The Orange Trees of Baghdad by Leilah Nadir
28th Mar 2014
She had never set foot in the country: her experiences and knowledge of Iraq were essentially her Father’s, who had left in the 1960s and been unable to return, too scared of conscription, arrest or worse.
The Orange Trees of Baghdad is a love story to and lament for a place never visited: through her Father’s stories she tells the tale of their family, the country he came from and what happened after he left.
The orange trees of the title refer to those overhanging the garden of his family home in the capital city: a tranquil, well-built villa full of visitors, laughter and love.
The first image Nadir paints of Baghdad is one memory from this garden: “a date palm stretched high, intermingled with a few fronds from the pomegranate tree… mint and parsley for salads, a loofah plant for sponges,” a place to laze “in the shade on a stiflingly hot day.”
Nadir is adept at using smell, taste, sound and sensation to draw a rich picture of Iraq, her family and their history, and is careful to make sure that this picture is one separate from the usual idea we have of her home country: one of bombed streets, crying children, oppressed women and a war-torn society.
The fact that she builds up this picture so successfully – one which is so rarely shown to the West – makes the eventual descriptions of war all the more gutting. There are plenty, of course: in a history and memoir of Iraq how on earth could someone avoid them?
The final half of the book is a heart-wrenching, relentless depiction of the invasion and the chaos which followed, told through the stories of Nadir’s Iraqi family... and the trips her friend Farah makes to document the conflict on camera.The final half of the book is a heart-wrenching, relentless depiction of the invasion and the chaos which followed, told through the stories of Nadir’s Iraqi family – who she makes and maintains contact with – and the trips her friend Farah makes to document the conflict on camera.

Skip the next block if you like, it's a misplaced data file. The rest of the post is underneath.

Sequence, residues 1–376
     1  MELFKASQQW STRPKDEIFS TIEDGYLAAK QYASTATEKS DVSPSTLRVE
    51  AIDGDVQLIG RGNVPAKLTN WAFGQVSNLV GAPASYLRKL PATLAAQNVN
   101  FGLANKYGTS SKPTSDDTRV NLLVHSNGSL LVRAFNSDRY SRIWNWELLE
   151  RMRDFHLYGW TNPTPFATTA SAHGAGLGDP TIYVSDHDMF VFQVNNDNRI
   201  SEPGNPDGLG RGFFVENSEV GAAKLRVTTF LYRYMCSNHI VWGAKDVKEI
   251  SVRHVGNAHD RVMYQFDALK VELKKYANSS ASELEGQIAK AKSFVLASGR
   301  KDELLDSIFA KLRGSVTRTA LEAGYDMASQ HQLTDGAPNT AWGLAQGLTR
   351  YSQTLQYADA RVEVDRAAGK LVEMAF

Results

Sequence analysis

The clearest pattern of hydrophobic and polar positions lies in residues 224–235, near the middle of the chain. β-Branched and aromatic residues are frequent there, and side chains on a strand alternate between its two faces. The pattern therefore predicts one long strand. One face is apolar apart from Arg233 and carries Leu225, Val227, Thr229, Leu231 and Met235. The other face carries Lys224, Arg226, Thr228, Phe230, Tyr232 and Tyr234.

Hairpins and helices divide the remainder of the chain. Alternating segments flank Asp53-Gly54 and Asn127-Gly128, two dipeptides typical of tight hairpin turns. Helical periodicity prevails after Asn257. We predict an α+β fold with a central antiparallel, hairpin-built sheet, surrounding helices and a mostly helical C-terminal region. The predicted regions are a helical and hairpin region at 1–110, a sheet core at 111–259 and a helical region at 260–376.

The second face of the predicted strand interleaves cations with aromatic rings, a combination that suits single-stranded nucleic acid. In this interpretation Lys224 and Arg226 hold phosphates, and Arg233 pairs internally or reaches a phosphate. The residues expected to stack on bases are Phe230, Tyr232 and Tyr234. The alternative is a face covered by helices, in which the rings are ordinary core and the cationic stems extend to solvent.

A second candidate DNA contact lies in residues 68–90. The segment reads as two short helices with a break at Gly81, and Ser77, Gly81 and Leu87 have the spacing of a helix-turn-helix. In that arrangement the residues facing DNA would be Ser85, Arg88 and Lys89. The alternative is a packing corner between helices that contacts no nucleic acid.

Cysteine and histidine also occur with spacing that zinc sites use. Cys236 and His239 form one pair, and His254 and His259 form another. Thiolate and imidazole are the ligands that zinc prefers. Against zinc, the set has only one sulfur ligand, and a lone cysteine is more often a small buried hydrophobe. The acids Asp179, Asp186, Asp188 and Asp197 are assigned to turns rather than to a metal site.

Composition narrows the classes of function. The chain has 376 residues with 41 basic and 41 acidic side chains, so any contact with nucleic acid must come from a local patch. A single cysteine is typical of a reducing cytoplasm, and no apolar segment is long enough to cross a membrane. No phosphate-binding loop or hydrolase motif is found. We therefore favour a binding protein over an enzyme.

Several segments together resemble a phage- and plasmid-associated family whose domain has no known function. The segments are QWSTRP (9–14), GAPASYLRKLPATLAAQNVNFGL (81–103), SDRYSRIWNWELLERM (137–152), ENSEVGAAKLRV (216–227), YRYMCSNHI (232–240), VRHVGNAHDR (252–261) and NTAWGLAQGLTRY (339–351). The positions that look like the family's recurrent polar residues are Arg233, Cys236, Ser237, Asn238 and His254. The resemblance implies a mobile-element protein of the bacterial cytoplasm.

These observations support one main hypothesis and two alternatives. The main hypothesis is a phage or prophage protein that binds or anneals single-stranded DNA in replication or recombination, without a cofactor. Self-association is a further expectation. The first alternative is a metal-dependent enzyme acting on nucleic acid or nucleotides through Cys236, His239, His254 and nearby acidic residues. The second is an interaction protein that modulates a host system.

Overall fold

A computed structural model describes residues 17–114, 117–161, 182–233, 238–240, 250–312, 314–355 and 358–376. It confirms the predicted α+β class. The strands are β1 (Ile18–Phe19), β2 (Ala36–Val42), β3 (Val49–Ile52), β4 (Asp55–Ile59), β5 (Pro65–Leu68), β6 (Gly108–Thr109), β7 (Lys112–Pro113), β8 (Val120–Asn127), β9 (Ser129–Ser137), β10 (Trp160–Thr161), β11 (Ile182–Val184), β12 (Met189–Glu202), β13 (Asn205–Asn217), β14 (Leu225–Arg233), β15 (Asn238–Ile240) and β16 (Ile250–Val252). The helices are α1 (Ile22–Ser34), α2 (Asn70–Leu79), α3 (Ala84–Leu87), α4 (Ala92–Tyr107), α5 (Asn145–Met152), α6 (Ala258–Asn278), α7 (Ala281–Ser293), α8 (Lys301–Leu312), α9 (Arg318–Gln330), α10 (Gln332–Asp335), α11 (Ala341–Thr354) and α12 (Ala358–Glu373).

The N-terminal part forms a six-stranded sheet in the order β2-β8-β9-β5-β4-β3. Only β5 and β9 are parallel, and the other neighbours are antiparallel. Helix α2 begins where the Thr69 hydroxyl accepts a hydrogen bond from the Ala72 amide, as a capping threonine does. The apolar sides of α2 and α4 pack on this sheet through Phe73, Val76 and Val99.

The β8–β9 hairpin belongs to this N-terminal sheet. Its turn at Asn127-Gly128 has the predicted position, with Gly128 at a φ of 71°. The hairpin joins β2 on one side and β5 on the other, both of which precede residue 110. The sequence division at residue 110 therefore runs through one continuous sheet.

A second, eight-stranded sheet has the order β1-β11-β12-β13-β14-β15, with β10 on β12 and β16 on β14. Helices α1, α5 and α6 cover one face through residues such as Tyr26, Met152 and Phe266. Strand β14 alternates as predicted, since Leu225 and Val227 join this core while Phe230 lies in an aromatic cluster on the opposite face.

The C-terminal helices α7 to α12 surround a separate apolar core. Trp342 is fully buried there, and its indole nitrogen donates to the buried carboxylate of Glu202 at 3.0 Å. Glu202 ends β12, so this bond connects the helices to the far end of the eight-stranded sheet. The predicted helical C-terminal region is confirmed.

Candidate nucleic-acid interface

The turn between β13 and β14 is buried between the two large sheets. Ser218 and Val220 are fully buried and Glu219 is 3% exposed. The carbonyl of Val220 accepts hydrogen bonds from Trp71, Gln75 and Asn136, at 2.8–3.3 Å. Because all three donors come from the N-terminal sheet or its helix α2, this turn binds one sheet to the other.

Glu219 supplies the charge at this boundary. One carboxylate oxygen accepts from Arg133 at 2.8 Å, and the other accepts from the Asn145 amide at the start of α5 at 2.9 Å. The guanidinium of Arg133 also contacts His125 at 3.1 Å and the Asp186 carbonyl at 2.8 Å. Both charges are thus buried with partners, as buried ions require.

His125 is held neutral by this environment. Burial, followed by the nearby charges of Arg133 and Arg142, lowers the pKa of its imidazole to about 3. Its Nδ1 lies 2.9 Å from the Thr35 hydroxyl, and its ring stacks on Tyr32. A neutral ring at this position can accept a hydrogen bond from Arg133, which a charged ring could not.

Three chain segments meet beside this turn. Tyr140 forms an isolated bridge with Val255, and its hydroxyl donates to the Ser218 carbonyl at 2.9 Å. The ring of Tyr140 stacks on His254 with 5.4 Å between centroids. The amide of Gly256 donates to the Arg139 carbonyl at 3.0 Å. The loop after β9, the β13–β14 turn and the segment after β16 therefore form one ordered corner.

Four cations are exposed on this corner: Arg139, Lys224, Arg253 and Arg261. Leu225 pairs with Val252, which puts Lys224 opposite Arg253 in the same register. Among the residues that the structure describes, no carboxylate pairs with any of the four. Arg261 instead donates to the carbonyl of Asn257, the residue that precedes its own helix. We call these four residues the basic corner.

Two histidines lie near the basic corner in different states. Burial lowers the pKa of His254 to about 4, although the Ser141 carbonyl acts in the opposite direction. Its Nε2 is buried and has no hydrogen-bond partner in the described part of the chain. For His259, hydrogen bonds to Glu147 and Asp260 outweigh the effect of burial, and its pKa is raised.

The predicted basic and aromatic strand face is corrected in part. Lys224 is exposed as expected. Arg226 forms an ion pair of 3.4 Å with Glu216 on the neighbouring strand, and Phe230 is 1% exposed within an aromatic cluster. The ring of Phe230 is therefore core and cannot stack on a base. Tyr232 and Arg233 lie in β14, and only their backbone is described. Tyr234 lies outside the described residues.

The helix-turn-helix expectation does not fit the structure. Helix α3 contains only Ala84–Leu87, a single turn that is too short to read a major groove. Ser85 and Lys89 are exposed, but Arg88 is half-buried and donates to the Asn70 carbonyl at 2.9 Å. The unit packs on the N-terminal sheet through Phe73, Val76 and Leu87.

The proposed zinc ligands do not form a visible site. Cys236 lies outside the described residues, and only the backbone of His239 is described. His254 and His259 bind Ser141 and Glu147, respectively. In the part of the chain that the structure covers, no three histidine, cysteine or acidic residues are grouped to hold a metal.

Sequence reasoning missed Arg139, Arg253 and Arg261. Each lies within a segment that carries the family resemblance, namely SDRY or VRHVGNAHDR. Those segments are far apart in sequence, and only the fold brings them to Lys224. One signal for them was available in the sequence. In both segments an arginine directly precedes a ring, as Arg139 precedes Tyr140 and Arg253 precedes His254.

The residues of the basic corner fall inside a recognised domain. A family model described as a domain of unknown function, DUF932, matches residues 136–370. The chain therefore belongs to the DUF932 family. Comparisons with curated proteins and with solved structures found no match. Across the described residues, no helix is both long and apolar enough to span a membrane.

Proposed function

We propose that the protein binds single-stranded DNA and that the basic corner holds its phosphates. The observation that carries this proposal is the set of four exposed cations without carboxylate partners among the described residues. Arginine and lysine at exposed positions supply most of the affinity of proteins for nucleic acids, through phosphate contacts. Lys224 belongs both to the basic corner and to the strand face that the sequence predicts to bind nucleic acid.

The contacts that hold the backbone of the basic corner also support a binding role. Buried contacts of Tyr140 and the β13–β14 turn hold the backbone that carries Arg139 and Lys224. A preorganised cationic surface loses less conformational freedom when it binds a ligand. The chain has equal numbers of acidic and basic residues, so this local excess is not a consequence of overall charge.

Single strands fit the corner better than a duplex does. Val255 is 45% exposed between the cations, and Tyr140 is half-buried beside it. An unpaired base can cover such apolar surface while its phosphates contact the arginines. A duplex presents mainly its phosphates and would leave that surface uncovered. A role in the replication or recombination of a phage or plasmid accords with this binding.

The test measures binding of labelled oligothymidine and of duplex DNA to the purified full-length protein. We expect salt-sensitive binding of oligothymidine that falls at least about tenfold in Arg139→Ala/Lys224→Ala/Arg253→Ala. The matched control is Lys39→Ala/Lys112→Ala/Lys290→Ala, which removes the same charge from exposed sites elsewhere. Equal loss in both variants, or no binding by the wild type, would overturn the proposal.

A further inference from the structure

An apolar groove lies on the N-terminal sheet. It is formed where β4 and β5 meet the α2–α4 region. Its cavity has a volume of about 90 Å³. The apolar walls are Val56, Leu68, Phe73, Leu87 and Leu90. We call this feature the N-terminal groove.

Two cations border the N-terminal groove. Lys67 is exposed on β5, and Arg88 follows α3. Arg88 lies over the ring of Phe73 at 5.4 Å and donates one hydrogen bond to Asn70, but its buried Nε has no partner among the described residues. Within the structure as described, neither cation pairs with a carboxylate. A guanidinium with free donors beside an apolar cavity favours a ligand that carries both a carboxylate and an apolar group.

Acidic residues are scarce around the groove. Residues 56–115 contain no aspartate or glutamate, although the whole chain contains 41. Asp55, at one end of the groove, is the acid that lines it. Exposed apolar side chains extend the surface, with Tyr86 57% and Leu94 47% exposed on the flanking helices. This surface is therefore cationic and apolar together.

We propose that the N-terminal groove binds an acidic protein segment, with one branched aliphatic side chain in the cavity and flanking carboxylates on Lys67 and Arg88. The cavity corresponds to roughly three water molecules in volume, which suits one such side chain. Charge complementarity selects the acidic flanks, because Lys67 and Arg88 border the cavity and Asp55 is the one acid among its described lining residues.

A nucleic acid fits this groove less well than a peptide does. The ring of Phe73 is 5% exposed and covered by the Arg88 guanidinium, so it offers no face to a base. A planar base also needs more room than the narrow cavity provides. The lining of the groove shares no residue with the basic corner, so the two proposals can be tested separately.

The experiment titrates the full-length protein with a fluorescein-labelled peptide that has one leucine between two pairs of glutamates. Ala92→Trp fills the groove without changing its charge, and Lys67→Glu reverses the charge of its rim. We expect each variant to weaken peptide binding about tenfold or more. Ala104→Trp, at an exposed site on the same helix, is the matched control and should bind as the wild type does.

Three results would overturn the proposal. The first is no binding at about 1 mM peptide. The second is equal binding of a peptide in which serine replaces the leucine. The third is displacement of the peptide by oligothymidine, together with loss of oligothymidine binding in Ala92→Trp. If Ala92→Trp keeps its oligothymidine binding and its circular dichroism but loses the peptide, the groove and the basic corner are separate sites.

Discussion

Searingly angry, Nadir draws no distinction between life under Saddam and under the Americans. An old Iraqi saying, “It Shall be Written,” is uttered repeatedly by her relatives as a way of comforting each other about the atrocities committed by both the dictator and invading forces.
The effect is to unite both Bush and Saddam in tyranny, to separate the “true” country and it’s people from anyone who may seek to control it.
They can’t be truly separate of course – and Nadir doesn’t flinch away from showing the effect of the conflict upon ordinary citizens.
A whole chapter is dedicated to Farah’s portraits of people maimed and injured by the war, and there are graphic descriptions of the kidnaps, checkpoint shootings and terror which surrounds her cousins.
They’ll likely provoke any reader with a heart into heartbreak and fury, but The Orange Trees of Baghdad is so much more than a lament or a howl of rage. It’s enlightening.
The invading forces had many aims, but giving a voice to the people they were apparently freeing wasn’t one of them. In this book, Nadir goes someway towards putting that right: only when we listen to more voices like this will we be able to claim that anyone is liberated.
She makes no bones about the fact that her country, as her family knew it, is gone for good, but as long as the people are allowed to speak, to remember, then the loss will never be complete.